• United States
    • United States Courts of Appeals. United States Court of Appeals (2nd Circuit)
    • November 29, 2012
    ...of § 1001(a)(2). Rodriguez-Moreno, 526 U.S. at 280. In United States v. Ali, 68 F.3d 1468 (2d Cir. 1995), amended on denial of reh'g, 86 F.3d 275 (2d Cir. 1996), we held for the first time that materiality is a statutory element of all charges under § 1001. Ali, 68 F.3d at 1474-75; see Unit......
  • USA v. Mandanici, Docket No. 99-2059
    • United States
    • U.S. Court of Appeals — Second Circuit
    • August 1, 1999
    ...whether materiality is an element under 1001,8 but in United States v. Ali, 68 F.3d 1468 (2d Cir. 1995), amended on denial of reh'g, 86 F.3d 275 (2d Cir. 1996), decided four months after Gaudin, we overruled our precedents and held that materiality is an element of any and all charges under......
  • Coleman v. U.S., Docket No. 01-2263.
    • United States
    • U.S. Court of Appeals — Second Circuit
    • May 7, 2003
    ...issue in perjury prosecutions, which was required by Gaudin and United States v. Ali, 68 F.3d 1468, 1474-75 (2d Cir.1995), modified, 86 F.3d 275 (2d Cir.1996), is a procedural rule that does not apply retroactively on habeas Coleman argues to the contrary that Apprendi announced a substanti......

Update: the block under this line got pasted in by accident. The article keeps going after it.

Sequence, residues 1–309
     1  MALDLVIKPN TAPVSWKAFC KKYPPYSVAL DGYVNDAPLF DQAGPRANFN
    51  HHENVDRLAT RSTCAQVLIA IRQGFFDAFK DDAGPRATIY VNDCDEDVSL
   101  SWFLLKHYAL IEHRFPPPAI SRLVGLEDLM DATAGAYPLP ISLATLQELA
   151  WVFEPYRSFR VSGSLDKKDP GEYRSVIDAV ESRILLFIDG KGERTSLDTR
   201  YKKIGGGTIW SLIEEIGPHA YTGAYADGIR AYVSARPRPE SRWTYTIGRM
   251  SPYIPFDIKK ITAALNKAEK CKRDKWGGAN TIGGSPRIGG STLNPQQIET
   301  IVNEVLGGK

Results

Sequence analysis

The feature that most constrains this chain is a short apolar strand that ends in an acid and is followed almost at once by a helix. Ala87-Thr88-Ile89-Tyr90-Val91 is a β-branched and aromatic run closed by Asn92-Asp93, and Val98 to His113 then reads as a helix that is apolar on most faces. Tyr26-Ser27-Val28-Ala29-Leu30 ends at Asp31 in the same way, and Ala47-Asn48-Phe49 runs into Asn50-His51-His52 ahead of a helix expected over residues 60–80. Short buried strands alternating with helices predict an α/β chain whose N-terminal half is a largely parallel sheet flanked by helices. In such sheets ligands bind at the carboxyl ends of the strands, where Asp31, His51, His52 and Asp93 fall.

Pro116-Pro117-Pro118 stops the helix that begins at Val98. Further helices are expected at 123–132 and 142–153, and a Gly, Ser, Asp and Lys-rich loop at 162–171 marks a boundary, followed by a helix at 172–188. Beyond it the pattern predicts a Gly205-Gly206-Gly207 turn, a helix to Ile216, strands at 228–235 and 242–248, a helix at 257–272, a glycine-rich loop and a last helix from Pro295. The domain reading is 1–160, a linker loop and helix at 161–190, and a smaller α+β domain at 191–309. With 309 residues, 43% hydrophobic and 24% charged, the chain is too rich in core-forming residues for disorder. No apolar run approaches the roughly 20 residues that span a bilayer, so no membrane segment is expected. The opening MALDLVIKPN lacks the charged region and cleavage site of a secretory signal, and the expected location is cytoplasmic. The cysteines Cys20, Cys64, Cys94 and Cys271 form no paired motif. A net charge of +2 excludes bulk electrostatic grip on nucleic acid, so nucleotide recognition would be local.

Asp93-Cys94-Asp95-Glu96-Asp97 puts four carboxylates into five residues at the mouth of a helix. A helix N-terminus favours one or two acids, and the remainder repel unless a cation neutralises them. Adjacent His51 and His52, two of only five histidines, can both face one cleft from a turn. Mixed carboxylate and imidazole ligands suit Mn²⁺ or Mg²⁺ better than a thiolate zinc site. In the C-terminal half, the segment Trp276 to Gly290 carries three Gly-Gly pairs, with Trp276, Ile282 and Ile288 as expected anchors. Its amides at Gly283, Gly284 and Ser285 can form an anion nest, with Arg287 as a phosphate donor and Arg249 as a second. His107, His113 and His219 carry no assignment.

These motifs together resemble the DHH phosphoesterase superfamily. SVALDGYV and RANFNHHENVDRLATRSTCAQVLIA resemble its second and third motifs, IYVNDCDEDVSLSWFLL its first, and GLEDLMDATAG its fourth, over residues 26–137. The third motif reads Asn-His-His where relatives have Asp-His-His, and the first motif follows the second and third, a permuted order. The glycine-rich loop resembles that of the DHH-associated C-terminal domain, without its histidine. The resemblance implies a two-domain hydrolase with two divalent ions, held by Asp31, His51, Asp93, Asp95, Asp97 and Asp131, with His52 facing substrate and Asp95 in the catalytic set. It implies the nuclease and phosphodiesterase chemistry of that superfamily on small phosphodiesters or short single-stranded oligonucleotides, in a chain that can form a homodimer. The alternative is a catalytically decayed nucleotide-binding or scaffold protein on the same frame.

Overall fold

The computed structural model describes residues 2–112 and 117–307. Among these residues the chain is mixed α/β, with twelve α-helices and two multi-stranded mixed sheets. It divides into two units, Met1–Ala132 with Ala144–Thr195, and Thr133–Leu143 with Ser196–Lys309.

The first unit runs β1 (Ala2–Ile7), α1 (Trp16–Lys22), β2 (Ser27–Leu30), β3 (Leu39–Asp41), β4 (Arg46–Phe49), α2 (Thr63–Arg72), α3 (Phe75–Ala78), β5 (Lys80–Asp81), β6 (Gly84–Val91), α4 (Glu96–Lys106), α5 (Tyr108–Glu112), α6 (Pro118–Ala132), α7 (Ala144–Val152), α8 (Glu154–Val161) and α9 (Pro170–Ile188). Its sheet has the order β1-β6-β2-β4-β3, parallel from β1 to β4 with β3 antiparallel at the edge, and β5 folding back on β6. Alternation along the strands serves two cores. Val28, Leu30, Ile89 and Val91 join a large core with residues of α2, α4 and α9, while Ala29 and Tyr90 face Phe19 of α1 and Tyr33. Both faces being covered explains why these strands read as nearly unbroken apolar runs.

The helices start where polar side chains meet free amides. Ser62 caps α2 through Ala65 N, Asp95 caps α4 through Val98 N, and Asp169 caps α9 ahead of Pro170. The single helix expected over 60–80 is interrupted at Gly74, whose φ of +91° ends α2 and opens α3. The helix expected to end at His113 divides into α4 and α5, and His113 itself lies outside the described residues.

• Request a trial to view additional results
34 cases
  • U.S. v. Wiles, Nos. 94-1592
    • United States
    • United States Courts of Appeals. United States Court of Appeals (10th Circuit)
    • December 10, 1996
    ...overruled by United States v. Ali, 68 F.3d 1468, 1474-75 (2d Cir.1995) (materiality is an element of any § 1001 offense), on reh'g, 86 F.3d 275 (2d Cir.1996). The dissent reasoned that the court's holding made the materiality element of § 78ff superfluous. Bilzerian, 926 F.2d at 1305 (Winte......
  • United States v. Coplan, 10-583-cr(L)
    • United States
    • United States Courts of Appeals. United States Court of Appeals (2nd Circuit)
    • November 29, 2012
    ...of § 1001(a)(2). Rodriguez-Moreno, 526 U.S. at 280. In United States v. Ali, 68 F.3d 1468 (2d Cir. 1995), amended on denial of reh'g, 86 F.3d 275 (2d Cir. 1996), we held for the first time that materiality is a statutory element of all charges under § 1001. Ali, 68 F.3d at 1474-75; see Unit......
  • USA v. Mandanici, Docket No. 99-2059
    • United States
    • U.S. Court of Appeals — Second Circuit
    • August 1, 1999
    ...whether materiality is an element under 1001,8 but in United States v. Ali, 68 F.3d 1468 (2d Cir. 1995), amended on denial of reh'g, 86 F.3d 275 (2d Cir. 1996), decided four months after Gaudin, we overruled our precedents and held that materiality is an element of any and all charges under......
  • Coleman v. U.S., Docket No. 01-2263.
    • United States
    • U.S. Court of Appeals — Second Circuit
    • May 7, 2003
    ...issue in perjury prosecutions, which was required by Gaudin and United States v. Ali, 68 F.3d 1468, 1474-75 (2d Cir.1995), modified, 86 F.3d 275 (2d Cir.1996), is a procedural rule that does not apply retroactively on habeas Coleman argues to the contrary that Apprendi announced a substanti......
  • Request a trial to view additional results

VLEX uses login cookies to provide you with a better browsing experience. If you click on 'Accept' or continue browsing this site we consider that you accept our cookie policy. ACCEPT